Thursday, 2 June 2011

Becoming accustomed, and why it can be a bad idea.

In the end, there's really nothing one can't get used to.  Which is the trap that often makes all the difference in life.  Even in the most dreary of situations one can find something to make it tolerable.  And that is the worst opiate of all: the one that takes away the belief that you deserve something better out of life.  The one that allows you to tolerate even things that are objectively (and even subjectively) wholly unsatisfying.
None of this is, of course, a huge insight.  St Bernard of Clairvaux says something similar in the De Consideratione.  Even during the Second World War a returning serviceman asked himself in an army annual "Do I want to go?".  An imprisoned Meursault reaches a similar epiphany in L'Etranger (although in fairness, Camus was making basically the opposite point).
I learned this in about 1995 when I was doing my final year in high school.  The final year is always difficult.  From the point of view of the student and (more importantly) their parents this year controls the future.  Astonishing value is set by each of the 10-12 major assignments and 5-6 examinations which establish one’s final ranking.  This saw many students become nothing if not neurotic bookworms.  Every waking hour would be spent poring over textbooks and essays, editing and re-editing as if to disprove the law of diminishing returns.  Unsurprisingly, many of us became kind of obsessed with time management.  So obsessed, in fact, that the actual time usage became a little less efficient.  As the pressure built, the less confident (like me) almost despaired.  Our every tiny misstep, we believed, had already doomed us to failure, shame, and attending Deakin University.
Human nature, however, is always to make life palatable.  Small pleasures (Camus: "les plus pauvres et les plus tenaces de mes joies", I think), therefore, acquired a disproportionate value.  In my case, this took the form of free time on Friday between getting home (5pm) and finishing dinner (8:30pm).  In this time I could walk the dog, play golf on the computer, and simply be "off".  That spare time - three hours or so - was enough to let me get used to year 12.  It was, one might say, a successful formula.
The problem is, people generally aren’t satisfied with successful formulas.  Once you develop one, you soon begin to push the idea further and further.  After a while, you're not so much building on success as going for reduction ad absurdum.  I learned this in my first year at university.  I was desperate to get marks sufficient to transfer into the law course and hit the books particularly hard.  At the same time, I had the student's challenge of living on not a lot of money.  Each week’s grocery budget was about $12-$15 (the quality was not high).  Socialising, even if I'd been temperamentally suited to it (which I'm not) was rarely an option.  Each day began with reading a textbook over breakfast, being on campus all day, and studying again till 2am.  I came to see my pre-existing friendships as distractions and let them atrophy.  I already felt like an outsider, and so I made few connections with other people.  Human nature, though, won't be denied forever.  You begin to make things palatable.  You convince yourself that Home Brand Irish Stew represents the pinnacle of cuisine.  Pathetically, you almost believe have a kind of friend in the form of the voices on the radio.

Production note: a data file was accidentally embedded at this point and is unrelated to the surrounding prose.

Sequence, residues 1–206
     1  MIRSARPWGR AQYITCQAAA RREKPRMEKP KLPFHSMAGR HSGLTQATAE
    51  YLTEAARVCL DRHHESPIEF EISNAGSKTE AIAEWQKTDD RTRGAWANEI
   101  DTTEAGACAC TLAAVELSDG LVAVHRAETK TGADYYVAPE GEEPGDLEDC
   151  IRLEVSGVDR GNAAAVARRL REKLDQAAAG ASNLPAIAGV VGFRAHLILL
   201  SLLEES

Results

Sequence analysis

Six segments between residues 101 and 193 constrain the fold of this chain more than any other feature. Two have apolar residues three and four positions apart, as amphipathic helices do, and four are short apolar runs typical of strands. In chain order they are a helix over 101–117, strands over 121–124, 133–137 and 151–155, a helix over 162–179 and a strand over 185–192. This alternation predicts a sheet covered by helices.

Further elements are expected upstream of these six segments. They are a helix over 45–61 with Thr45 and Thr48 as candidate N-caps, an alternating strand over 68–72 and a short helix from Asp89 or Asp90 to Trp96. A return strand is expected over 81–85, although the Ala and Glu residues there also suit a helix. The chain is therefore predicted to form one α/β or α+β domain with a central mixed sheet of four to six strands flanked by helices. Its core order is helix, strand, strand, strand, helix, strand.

Soon enough this begins to feel normal, even kind of satisfying.  You continue it after entering the workforce and actually assuming adulthood.  You work long and longer days.  You relax on your own on Friday nights.  Sometimes you see your own family or pick up a hobby for a few weeks (dieting, gym).  Still, at some level you know that you’re going days - weeks - without speaking to anyone who isn't a business connection or a blood relation.
And yet you do it, because there's enough that brings you pleasure to keep you from noticing what you've become.  Until eventually, improbably, you do form a connection with someone.  Someone who shows you just how shut off, lonely, and drab your life has become.  Who shows you that you don't have to live like this.  And that maybe you might even be able to change.

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